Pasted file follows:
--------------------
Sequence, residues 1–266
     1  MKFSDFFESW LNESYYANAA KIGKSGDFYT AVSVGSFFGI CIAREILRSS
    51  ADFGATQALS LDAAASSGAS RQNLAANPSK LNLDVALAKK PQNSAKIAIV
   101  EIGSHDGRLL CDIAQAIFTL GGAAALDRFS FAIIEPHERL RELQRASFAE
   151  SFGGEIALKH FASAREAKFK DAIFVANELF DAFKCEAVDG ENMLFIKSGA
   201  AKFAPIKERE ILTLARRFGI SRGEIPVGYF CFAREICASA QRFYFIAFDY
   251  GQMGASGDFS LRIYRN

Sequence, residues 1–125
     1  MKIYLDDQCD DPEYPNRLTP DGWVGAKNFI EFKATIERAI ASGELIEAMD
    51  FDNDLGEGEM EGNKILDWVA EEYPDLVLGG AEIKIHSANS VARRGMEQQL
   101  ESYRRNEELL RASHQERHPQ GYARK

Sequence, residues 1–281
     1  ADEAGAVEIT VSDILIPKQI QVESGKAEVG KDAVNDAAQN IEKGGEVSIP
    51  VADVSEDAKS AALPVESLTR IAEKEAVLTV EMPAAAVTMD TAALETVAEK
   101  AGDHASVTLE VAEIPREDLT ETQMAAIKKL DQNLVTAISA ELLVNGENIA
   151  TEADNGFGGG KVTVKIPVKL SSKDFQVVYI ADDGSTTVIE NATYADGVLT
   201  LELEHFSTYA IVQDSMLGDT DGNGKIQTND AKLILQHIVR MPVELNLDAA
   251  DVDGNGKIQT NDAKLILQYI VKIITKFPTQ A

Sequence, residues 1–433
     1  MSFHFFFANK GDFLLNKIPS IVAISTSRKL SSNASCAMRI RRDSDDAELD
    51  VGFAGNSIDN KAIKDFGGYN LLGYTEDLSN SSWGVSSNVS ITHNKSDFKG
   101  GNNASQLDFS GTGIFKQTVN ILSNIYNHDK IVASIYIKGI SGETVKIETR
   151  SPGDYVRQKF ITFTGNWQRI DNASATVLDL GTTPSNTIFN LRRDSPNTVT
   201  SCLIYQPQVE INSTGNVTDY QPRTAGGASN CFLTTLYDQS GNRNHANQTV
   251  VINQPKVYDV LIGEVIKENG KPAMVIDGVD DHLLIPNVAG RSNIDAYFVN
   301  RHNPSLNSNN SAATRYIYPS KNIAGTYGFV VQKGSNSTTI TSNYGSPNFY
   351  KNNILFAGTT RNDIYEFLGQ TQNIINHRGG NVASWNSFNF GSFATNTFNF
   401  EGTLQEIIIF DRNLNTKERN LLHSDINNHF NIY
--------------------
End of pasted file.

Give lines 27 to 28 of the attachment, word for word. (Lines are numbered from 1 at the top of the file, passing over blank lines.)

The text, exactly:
   351  KNNILFAGTT RNDIYEFLGQ TQNIINHRGG NVASWNSFNF GSFATNTFNF
   401  EGTLQEIIIF DRNLNTKERN LLHSDINNHF NIY